If you’ve been following my blog, you may have noticed a bit of a theme. Two weeks ago, I wrote about my penchant for asking “why” and how this sometimes leads me to (respectfully) challenge authority – or at least the status quo. Last week, I took this theme a bit further, discussing civil disobedience, which takes “challenging authority” and kicks it up a notch.

Upon reflection, I have come to understand this trait as an integral part of who I am and therefore, now regard it as a blessing. As I mentioned in the “Why” blog, it took me a while to fully embrace this aspect of myself, since questioning the status quo is often frowned upon.

Looking back, I can still recall certain defining moments…situations involving, at the time, great risk – the risk of being ostracized, outcast, or simply thought a fool. At that split second in time, I had a choice to make. Would I stand up for what was true and right, or would I cave and go along? Would I speak up for the underdog or would I sit in complicit silence?

In this blog, I thought I’d share one of those moments with you. At the time, it seemed quite benign. And to you, it may still seem rather insignificant. But, as I’ve thought about it over the years, I’ve come to understand that it was the first time, as an adult, that I stood up for my Truth.

As a freshman at UNC Chapel Hill, I reveled in my newfound freedom…a bit too much, as it turns out. I was an education major. My first college-level science class kicked my butt. On the other hand, I was captivated by my first Psychology class! As you can probably guess, I changed my major. Who cares that there are no jobs for Psyc majors….it was fun!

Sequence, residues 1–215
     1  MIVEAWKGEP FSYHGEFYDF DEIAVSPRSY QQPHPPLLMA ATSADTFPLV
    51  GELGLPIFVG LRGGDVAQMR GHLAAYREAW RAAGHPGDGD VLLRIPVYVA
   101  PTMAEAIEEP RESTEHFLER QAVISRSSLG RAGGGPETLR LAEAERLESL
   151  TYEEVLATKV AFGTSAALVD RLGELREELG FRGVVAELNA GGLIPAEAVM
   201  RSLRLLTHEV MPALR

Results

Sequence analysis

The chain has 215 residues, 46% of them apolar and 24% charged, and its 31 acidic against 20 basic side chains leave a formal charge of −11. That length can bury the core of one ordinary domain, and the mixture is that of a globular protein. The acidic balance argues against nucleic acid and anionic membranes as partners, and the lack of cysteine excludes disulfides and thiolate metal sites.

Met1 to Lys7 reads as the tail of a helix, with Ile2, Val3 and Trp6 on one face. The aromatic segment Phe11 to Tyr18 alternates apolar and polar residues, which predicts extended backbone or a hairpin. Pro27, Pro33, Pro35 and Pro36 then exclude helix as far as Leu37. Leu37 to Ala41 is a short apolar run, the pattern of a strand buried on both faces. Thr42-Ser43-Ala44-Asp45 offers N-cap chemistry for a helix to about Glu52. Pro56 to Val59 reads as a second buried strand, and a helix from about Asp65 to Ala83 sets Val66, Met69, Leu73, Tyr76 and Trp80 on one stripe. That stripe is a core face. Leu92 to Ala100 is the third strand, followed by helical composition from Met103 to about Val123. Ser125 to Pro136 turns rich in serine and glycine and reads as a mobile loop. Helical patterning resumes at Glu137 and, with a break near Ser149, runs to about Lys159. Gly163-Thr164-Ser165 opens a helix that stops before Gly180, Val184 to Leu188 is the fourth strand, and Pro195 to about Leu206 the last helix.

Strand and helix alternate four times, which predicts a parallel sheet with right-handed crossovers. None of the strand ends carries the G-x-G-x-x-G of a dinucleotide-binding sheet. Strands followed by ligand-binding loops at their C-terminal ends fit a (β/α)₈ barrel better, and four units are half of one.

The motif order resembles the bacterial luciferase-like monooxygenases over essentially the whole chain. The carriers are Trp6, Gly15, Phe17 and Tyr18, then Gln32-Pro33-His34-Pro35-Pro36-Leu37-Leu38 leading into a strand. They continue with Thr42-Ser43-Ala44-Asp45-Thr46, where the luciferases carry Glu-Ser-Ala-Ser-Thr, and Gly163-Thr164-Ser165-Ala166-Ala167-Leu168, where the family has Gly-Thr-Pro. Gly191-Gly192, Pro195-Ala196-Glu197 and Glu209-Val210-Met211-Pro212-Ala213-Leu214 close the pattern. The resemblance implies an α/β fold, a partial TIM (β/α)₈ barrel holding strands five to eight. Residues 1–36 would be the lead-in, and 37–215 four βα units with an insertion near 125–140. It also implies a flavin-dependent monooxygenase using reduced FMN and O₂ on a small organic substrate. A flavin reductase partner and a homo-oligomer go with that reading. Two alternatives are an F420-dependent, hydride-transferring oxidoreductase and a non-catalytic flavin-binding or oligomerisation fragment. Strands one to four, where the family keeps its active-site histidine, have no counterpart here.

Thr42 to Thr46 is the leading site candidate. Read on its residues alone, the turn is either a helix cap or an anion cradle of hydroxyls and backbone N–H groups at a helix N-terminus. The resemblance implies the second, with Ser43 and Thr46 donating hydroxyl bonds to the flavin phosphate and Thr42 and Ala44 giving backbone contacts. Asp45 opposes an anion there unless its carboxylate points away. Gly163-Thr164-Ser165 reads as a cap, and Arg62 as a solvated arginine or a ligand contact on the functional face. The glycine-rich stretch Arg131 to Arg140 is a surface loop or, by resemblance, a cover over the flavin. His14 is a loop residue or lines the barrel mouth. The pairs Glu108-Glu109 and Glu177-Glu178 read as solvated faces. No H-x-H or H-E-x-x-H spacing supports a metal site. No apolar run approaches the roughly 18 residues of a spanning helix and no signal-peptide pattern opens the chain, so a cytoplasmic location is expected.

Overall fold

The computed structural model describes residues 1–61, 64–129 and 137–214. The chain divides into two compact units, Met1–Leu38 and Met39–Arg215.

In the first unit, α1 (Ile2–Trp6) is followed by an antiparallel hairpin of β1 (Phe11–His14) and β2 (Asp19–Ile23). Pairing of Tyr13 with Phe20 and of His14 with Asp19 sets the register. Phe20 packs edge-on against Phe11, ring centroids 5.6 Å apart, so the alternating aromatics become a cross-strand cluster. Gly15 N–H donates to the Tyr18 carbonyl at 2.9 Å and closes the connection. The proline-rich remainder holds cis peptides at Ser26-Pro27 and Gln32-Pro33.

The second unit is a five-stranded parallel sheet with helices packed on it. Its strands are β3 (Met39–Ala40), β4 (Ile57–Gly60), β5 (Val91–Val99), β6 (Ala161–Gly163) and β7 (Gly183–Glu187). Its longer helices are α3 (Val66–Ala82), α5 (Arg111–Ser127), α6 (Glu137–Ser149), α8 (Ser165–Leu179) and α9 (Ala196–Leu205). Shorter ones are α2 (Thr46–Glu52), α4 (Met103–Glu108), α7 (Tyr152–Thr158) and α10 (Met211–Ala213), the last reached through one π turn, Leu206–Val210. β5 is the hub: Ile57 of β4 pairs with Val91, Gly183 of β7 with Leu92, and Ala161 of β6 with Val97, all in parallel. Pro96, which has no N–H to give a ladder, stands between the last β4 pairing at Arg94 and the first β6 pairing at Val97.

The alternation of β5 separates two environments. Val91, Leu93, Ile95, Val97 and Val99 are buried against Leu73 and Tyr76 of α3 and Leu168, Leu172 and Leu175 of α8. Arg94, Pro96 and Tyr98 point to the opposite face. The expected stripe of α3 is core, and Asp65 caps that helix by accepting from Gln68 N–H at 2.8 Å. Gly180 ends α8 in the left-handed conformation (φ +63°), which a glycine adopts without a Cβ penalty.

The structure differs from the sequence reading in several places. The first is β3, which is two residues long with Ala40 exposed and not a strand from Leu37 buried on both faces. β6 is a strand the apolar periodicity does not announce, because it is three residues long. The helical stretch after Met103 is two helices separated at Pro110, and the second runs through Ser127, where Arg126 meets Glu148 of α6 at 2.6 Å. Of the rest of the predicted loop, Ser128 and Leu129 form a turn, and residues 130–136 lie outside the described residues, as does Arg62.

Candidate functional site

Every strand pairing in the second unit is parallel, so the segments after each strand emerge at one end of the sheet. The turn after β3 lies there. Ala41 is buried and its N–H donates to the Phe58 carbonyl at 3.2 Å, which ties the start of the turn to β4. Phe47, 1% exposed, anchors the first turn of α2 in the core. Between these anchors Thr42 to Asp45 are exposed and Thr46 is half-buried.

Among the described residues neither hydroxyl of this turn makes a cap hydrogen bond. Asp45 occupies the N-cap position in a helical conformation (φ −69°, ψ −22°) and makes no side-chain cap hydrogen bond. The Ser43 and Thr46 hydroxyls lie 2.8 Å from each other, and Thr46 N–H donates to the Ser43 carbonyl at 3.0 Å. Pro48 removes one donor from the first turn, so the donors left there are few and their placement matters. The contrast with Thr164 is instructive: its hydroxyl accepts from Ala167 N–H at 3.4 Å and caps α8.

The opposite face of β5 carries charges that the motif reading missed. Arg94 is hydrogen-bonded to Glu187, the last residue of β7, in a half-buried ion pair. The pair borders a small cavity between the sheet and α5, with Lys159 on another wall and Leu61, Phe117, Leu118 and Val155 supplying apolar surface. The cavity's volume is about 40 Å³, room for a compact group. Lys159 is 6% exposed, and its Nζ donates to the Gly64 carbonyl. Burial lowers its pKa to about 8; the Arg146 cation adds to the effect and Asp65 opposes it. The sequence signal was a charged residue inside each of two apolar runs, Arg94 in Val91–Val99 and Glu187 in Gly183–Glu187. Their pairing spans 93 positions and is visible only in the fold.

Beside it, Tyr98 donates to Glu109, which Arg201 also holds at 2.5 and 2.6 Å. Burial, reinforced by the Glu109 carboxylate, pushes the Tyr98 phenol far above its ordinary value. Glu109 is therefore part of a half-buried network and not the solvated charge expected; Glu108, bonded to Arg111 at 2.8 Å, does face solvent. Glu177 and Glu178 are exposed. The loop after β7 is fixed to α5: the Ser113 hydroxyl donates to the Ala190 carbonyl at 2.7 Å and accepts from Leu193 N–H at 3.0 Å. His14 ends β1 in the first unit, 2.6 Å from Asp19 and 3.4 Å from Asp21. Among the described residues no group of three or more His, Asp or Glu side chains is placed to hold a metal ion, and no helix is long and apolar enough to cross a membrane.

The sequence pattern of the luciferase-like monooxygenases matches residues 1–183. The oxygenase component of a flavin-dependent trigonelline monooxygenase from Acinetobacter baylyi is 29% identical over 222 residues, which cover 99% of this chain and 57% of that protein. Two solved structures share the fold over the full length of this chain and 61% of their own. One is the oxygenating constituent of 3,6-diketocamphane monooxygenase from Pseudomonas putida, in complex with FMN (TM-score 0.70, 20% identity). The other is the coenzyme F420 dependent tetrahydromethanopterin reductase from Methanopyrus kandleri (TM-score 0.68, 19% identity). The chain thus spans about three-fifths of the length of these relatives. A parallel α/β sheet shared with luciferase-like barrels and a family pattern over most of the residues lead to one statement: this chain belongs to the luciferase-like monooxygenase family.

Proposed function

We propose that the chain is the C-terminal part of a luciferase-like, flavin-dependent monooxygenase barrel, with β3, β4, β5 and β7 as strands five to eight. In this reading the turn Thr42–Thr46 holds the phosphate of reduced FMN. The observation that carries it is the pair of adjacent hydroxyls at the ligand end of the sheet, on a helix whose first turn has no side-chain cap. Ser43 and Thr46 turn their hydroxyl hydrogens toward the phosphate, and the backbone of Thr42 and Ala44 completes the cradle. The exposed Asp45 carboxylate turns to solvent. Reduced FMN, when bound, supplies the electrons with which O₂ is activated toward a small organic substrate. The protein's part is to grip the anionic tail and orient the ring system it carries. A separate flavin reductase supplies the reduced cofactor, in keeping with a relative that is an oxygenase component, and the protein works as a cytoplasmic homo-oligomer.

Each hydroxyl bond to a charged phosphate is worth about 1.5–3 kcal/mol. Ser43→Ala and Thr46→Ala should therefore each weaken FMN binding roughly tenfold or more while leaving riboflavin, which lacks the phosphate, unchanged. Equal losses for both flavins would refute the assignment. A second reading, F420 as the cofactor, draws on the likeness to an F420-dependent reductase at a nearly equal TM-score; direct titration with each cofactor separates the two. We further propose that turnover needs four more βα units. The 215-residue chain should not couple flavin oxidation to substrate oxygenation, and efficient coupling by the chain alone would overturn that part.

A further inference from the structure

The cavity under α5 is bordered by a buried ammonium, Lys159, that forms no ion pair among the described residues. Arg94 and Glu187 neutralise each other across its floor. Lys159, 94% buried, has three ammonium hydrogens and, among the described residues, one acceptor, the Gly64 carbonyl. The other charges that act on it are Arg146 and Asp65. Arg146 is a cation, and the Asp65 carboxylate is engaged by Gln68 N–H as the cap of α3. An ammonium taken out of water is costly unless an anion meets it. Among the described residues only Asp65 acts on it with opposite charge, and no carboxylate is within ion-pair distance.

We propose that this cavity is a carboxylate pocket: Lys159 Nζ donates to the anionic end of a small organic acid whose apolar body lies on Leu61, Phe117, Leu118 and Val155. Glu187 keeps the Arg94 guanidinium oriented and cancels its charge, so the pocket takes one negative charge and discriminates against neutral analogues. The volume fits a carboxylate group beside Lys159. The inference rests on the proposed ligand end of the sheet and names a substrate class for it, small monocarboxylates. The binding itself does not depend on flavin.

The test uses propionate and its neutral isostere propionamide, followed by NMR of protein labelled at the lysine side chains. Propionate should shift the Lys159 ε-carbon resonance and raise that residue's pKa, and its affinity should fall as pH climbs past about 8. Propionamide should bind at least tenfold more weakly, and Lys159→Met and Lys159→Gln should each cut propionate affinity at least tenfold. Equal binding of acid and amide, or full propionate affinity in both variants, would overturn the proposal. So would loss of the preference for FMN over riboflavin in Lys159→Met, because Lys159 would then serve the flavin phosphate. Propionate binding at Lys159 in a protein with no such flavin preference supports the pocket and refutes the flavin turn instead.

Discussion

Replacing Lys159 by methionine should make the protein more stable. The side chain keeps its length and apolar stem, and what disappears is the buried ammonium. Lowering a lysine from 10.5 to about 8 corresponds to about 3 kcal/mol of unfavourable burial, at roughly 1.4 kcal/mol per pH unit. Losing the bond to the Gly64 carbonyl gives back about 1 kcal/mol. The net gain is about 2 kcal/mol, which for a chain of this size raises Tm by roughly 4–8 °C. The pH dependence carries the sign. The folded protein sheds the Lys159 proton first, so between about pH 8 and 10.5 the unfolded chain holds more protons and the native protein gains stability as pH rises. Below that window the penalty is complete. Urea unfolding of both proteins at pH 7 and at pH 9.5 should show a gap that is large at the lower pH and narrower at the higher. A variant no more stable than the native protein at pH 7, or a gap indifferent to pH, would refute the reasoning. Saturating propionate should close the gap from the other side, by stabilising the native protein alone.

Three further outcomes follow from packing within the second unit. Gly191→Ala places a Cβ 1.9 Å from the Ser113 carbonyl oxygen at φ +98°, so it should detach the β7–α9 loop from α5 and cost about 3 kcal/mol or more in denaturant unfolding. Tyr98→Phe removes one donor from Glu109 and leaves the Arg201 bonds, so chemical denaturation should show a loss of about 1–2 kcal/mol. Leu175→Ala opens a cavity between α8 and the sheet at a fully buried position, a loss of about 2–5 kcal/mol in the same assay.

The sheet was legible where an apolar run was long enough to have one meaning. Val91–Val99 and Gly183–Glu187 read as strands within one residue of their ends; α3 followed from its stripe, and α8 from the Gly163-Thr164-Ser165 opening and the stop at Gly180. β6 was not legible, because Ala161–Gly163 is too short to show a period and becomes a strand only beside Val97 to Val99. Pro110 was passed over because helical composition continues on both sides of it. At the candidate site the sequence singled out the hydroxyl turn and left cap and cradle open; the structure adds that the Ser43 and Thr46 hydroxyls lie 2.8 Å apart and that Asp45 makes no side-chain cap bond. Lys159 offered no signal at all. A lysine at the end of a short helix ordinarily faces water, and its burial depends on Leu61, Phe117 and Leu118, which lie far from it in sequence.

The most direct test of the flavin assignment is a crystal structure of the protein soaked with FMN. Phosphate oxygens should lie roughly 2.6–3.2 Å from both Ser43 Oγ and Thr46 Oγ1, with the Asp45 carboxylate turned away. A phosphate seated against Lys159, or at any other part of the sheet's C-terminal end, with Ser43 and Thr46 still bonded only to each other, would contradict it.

As a requirement of Psyc 101, students had sign up as guinea pigs in the experiments of the upperclassmen.

“Don’t worry!” they said. “All experiments have to be approved by the Institutional Review Board (the university’s ethics committee).”

Reassured, I signed up for my first experiment. I was asked to sit in a chair at the end of a row of other people. Although I didn’t know it at the time, the “others” were confederates – they were “in” on the experiment. I was the only guinea pig.

We were asked to look at a three (different) colored circles projected on a screen in front of us. Then, we were asked to say, out loud, whether the color of the circle in the middle was closer in color to the one on the left or the right. While viewing the first slide, we each, in turn, voiced our opinion. I was last, of course. Oddly, each person before me verbalized the opposite of what I was thinking.

“Blue”

“Blue”

“Blue”

Hmmm…my turn. At this point, I’m thinking that I must not be able to see clearly, because the middle circle really looks more green.

“Blue,” I said.

The next slide was presented, and the same thing happened. Somewhere around slide three, I realized that a) my eyesight is 20-20 and b) I can’t be wrong this many times in a row. So, I told the truth (as I saw it).

“Purple”

“Purple”

“Purple”

“Red,” I said.

For the rest of the experiment, I continued to appear “wrong.” When it was all over, I was debriefed, a requirement of psychological experiments. The purpose was, they said, to see if I would speak my truth, in spite of evidence to the contrary. Was I brave enough to withstand the implied societal pressure?

Apparently, I was.

To me, this scenario beautifully illustrates the “inner rebel” theme of my life. Further, it’s why I started this blog – to help others learn to live, speak, and act from a place of Love, rather than Fear.

This is not to imply that I am never afraid. I’m often afraid. But, as Elizabeth Gilbert describes, in her book Big Magic, if Fear wants to come along, it has to sit in the back seat – it’s not allowed to drive the bus!